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Supreme Court dilemma: Was Facebook rant real threat or rap lyrics?

True threats or just bad rap lyrics? A dilemma for the Supreme Court justices.
Visitors stand in line to watch arguments on the first day of the new term of the U.S. Supreme Court in Washington on Oct. 6, 2014. (Photo by Jonathan Ernst/Reuters)
Visitors stand in line to watch arguments on the first day of the new term of the U.S. Supreme Court in Washington on Oct. 6, 2014.

Supreme Court Chief Justice John Roberts recited Eminem lyrics fantasizing about killing an ex-wife -- then asked a representative of the government if the artist should have been prosecuted, during oral arguments Monday at the high court in a case of violent rants posted on Facebook.

No, said deputy solicitor general Michael Dreeben, because Eminem's words came "at a concert where people are going to be entertained. This is a critical part of the context. It wasn't as if he stated it to her in private or on a Facebook page after having received a protection from abuse order."

Dreeben was contrasting Eminem with the actual facts of the case before the nation's highest court Monday, an appeal from Pennsylvania man Anthony Elonis, whose wife got a protection order after his Facebook rants about killing her. Elonis was convicted and sentenced to nearly four years imprisonment for making a threat. The question before the justices is whether it's enough for Elonis to claim that, rather than wanting to scare or harm his wife, he was just venting his feelings in rap lyrics inspired by Eminem. Or, to get to the core issue, does a person's intention actually matter if the recipient is frightened?

The justices seemed torn, in a case that pits free speech concerns against advocates for domestic violence survivors. But Justices Anthony Kennedy, Sonia Sotomayor and Elena Kaganall expressed concerns that setting a precedent where no proof is required that someone intended a threat could undermine the First Amendment.

"You are asking us to go down,­ you know, it's not purpose, it's not knowledge of causing fear, it's not a conscious disregard of causing fear, it's just that you should have known that you were going to cause fear, essentially. And that's not the kind of standard that we typically use in the First Amendment," Kagan said. And Sotomayor said, "We've been loathe to create more exceptions to the First Amendment."

The "true threats" doctrine -- a concept the justices came up with in past decisions and which they are now being asked to define -- is already one such exception to the First Amendment. But the court is being asked exactly how a jury is meant to interpret what is and isn't a threat. And that's where Elonis's attorney stumbled, baffling the justices when it came to what exactly he was suggesting a jury do to look for intent from a defendant. "You really have me confused at this point," complained Justice Antonin Scalia.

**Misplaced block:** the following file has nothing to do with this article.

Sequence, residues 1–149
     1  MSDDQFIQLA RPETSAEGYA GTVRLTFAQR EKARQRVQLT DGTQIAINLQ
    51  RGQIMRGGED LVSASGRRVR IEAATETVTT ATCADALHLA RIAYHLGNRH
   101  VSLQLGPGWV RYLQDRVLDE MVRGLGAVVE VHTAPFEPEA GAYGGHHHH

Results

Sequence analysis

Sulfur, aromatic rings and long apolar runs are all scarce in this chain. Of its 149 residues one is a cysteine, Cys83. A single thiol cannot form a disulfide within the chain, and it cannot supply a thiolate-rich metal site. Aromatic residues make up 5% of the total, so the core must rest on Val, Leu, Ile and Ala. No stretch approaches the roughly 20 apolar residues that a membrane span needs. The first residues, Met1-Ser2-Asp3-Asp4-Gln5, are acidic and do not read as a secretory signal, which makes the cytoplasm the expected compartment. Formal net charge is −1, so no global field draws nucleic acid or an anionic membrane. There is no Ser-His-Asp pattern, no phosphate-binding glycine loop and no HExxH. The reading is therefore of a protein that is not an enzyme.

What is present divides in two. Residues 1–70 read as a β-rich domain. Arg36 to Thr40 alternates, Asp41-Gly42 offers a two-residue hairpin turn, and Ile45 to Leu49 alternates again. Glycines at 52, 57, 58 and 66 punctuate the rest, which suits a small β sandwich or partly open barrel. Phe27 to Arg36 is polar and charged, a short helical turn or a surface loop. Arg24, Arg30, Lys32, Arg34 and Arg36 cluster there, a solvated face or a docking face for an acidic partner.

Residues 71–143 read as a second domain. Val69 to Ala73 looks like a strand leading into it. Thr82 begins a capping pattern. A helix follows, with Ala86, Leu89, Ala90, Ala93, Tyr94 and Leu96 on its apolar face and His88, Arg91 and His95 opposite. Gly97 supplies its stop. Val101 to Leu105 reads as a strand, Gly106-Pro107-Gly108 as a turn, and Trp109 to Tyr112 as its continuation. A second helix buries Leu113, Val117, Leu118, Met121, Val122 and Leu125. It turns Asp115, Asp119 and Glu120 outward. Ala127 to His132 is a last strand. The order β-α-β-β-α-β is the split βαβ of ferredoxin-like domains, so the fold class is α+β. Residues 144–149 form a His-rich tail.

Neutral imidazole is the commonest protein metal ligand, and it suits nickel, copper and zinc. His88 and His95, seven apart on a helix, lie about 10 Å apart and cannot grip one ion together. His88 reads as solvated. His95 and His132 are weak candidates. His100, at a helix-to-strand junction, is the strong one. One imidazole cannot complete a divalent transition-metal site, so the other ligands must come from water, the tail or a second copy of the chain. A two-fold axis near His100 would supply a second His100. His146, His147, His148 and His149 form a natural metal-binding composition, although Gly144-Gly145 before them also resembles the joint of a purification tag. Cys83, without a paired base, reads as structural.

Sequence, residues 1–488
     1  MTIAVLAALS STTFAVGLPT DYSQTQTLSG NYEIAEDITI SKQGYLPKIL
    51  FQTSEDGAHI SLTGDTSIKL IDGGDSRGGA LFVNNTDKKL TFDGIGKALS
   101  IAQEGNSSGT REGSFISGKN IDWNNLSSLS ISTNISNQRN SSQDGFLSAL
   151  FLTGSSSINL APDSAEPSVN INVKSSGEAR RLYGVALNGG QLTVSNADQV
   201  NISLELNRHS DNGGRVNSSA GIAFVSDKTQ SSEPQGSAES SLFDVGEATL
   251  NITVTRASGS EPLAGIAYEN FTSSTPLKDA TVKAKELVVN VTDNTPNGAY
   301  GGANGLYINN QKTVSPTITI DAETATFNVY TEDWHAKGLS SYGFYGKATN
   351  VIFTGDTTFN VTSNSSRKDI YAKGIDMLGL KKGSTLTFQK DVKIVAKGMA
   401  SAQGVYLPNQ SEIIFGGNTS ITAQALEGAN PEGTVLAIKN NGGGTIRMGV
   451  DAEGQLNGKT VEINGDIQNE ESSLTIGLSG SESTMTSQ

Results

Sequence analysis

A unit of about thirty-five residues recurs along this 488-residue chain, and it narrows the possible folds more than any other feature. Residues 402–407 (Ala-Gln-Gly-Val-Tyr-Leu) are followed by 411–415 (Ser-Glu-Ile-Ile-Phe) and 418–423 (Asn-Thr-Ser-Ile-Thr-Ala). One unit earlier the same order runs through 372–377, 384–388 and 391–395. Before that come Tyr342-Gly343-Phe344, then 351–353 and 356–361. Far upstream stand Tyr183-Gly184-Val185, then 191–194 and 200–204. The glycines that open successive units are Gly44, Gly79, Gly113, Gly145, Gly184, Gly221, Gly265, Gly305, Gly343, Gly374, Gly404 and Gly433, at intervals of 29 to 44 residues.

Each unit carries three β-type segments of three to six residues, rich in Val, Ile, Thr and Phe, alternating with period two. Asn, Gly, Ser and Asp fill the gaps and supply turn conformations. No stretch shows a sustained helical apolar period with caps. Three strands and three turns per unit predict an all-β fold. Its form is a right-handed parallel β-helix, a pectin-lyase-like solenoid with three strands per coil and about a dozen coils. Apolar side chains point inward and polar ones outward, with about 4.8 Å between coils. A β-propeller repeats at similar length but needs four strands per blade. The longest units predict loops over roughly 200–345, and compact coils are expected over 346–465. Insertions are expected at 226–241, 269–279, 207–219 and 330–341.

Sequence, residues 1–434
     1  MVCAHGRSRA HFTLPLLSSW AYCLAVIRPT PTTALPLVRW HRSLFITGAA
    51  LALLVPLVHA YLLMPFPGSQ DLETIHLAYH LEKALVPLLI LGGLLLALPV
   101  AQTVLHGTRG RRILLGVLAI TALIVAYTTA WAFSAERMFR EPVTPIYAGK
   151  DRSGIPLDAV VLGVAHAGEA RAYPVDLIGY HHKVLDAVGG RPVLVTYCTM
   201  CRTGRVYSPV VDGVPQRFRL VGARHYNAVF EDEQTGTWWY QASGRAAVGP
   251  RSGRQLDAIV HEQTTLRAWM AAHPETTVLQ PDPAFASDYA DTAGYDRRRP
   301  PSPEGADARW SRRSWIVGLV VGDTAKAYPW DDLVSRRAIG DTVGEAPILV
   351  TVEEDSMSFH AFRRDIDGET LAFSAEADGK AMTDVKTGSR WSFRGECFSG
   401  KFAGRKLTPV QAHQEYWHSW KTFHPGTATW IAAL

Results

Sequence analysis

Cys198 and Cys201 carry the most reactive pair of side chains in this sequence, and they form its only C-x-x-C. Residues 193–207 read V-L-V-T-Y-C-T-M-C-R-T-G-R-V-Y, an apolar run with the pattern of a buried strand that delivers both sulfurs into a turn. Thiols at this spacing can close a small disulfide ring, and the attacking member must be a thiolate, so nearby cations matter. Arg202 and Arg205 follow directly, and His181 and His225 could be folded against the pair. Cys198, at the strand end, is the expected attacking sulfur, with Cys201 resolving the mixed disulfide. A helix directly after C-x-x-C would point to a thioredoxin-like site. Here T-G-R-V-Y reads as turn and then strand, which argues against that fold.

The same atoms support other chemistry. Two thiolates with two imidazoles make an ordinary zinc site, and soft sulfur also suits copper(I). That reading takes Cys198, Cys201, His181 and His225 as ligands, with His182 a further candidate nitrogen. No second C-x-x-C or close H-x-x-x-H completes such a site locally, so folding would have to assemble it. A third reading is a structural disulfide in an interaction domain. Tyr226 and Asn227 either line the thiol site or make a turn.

John Elwood, Elonis's attorney, said prior knowledge of fear was required. "If he is on notice that she's in fear, that is all we're asking for. That if he knows she is in fear, he doesn't have a right to continue on." Elwood said the danger was that anyone making a casual remark on the Internet would be prosecuted. "I think many of the speakers who are online and many of the people who are being prosecuted now are teenagers who are essentially shooting off their mouths or making sort of ill­-timed, sarcastic comments which wind up getting them thrown in jail." 

But Elonis, the plaintiff in this case, was not a teenager shooting off his mouth or making an offhand comment -- he was convicted of threatening four different parties, including a female FBI agent. 

Elonis's Facebook rants escalated after his wife left him, taking with her their two kids. Elonis was fired from his job at an amusement park following sexual harassment complaints against him and an incendiary Facebook post about a co-worker. Eventually, his Facebook posts encompassed furious and detailed comments about his place of work, his wife, police officers, unnamed elementary schools he suggested he would shoot up in "the most heinous school shooting ever imagined." Another target was a female federal agent who visited his home, whom he said he would leave "bleedin’ from her jugular."

The most vivid fury was aimed at his wife. “If I only knew then what I know now, I would have smothered your a-- with a pillow, dumped your body in the back seat, dropped you off in Toad Creek, and made it look like a rape and murder,” Elonis wrote. He also wrote, "There’s one way to love you but a thousand ways to kill you” and "I used to be a nice guy but then you became a slut. Guess it’s not your fault you liked your daddy raped you.”

But Elonis also included many knowing winks to the boundaries of the law, posting a link to the Wikipedia post for freedom of speech, statements like “Art is about pushing limits. I’m willing to go to jail for my constitutional rights. Are you?” and teasing lines like “What’s interesting is that it’s very illegal to say I really, really think someone out there should kill my wife.”

The idea that all this counted as art did not impress several justices. "Well, this sounds like a road map for threatening a spouse and getting away with it," said Justice Samuel Alito, taking his cues from the briefs from advocates for survivors of domestic violence. "So you put it in rhyme and you put some stuff about the Internet on it and you say, I'm an aspiring rap artist. And so then you are free from prosecution." Roberts seemed to agree: "Based on your submission, all he has to do is say either, as I understood your brief, it's therapeutic, it's a good thing I could do this, or it's art."